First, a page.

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California: Humboldt Redwoods State Park
Posted on Monday, October 17 @ 19:53:12 CDT by iljiana

Horse Camping & Trails P.O. Box 100, Weott CA 95571
(707) 946-2409
Located 45 miles south of Eureka and 20 miles
north of Garberville on Highway 101. A majority
of the park is accessed along Avenue of the Giants.

Located in southern Humboldt County. From the north, drive 45 miles south of Eureka and take any exit onto the Avenue of the Giants. (Exits are: Pepperwood, Redcrest/Holmes, Redcrest, South Fork, Weott, Myers Flat, Miranda, Phillipsville.) From the south, drive 20 miles north and take any exit onto the Avenue of the Giants.
Open all year. Day use-sunrise to sunset.
Inland/coastal/temperate. Summer 80-90 degrees. Winter 40-50 degrees. Dress for rain from November to May. May receive more than 65 inches of rain annually.
100+ miles of hiking, horse, nature and bicycle trails. Visitor center with exhibits and bookstore, auto tour, picnic areas, Avenue of the Giants, fishing, canoeing and swimming in the Eel River. Developed, environmental, and primitive campgrounds, group camp, group horse camp, hike and bike camp. Developed campgrounds have hot showers (coin-operated) and fully accessible restrooms.
Recommended for family, environmental, group horse camp, and group car camps during summer season. Not available during rest of year. Trail, and Hike and Bike camps are first come-first serve all year.
Overview of the park

The Sinkyone Indians, who lived in this region for thousands of years, had relatively little impact on the redwood forest. They were hunters and gatherers for whom salmon and tanoak acorns were staples. Redwood planks were used for housing. Redwood root fibers were used for basket making. Redwood logs were used to make canoes. As elsewhere in California, the Gold Rush changed their way of life forever.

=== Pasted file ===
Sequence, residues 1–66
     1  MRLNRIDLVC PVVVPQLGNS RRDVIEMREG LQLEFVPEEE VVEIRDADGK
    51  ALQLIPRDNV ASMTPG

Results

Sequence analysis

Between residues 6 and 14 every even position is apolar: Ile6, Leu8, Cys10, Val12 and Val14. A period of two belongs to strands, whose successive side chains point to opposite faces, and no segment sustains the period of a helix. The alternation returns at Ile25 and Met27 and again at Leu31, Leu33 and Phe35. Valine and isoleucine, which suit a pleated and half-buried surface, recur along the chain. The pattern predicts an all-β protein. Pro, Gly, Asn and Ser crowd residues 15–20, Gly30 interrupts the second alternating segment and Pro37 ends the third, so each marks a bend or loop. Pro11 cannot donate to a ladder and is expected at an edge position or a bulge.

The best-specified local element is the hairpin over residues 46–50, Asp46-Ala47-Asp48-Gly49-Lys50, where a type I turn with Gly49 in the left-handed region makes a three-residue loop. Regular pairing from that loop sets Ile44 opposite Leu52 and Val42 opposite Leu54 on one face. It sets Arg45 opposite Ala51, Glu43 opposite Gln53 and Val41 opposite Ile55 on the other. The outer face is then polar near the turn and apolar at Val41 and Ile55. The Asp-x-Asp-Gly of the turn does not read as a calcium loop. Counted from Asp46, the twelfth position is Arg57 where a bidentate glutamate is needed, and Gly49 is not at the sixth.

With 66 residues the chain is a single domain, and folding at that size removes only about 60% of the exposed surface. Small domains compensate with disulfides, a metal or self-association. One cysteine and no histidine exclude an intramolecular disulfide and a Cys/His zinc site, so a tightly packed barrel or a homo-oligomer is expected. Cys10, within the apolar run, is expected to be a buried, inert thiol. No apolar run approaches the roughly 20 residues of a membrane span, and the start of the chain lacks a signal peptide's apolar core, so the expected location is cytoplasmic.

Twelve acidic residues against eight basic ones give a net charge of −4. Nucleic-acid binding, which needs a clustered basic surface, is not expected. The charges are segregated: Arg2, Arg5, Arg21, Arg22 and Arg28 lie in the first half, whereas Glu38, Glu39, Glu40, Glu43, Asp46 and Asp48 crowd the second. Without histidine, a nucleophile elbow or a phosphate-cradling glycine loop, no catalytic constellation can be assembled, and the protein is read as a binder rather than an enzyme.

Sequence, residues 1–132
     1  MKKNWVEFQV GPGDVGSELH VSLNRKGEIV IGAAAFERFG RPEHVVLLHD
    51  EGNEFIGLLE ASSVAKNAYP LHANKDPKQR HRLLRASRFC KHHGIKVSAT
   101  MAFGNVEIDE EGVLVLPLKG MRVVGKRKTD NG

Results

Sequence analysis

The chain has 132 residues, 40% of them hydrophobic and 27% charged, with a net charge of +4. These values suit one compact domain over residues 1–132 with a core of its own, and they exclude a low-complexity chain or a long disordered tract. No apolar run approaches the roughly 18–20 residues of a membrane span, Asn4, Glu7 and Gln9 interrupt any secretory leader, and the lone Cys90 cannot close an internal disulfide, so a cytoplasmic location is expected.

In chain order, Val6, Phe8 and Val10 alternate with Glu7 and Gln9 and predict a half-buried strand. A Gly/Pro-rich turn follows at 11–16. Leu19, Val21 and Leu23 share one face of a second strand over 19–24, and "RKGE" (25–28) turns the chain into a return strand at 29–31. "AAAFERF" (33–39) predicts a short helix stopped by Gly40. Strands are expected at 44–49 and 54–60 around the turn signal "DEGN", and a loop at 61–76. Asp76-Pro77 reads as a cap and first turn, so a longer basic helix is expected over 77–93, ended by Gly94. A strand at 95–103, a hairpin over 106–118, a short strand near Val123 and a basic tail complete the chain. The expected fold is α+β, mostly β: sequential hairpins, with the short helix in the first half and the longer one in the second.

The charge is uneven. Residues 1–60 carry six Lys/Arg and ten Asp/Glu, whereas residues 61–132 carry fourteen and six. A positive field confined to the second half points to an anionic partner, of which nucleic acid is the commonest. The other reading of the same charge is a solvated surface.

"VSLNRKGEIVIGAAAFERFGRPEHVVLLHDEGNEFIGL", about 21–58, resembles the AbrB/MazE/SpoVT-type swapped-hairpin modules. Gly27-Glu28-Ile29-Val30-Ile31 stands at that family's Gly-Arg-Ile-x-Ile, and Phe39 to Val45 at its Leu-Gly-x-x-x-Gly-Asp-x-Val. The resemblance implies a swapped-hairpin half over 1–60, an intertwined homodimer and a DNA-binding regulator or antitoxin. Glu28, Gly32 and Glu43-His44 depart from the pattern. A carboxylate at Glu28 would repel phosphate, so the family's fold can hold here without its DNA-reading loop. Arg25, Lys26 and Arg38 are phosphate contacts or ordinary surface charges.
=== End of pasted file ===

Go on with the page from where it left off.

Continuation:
Beginning in 1850, many non-native people began to pass through and settle in the area. They established homesteads, built railroads, and developed large-scale logging operations to harvest the trees.

In 1917, the organizers of the Save-the-Redwoods League visited the area and saw that the magnificent redwood forests of this area would be lost within a few years unless something was done to save them. Their concern and foresight led to the creation of the League in 1918. Through their efforts, the first acres were purchased, legislation was established that led to the development of a statewide system of parks, and the first state park bond act provided $6 million in matching funds for the acquisition of additional redwood forest lands.

Today, Humboldt Redwoods State Park includes more than 52,000 acres offering magnificent groves of old growth coast redwoods. The park offers: more than 100 miles of hiking trails; fishing canoeing and swimming in the Eel River; family, group, horse, bicycle and backpack camps; a visitor center with exhibits and bookstore; scenic drives; and seasonal interpretive programs such as campfires, nature walks, and Junior Ranger programs.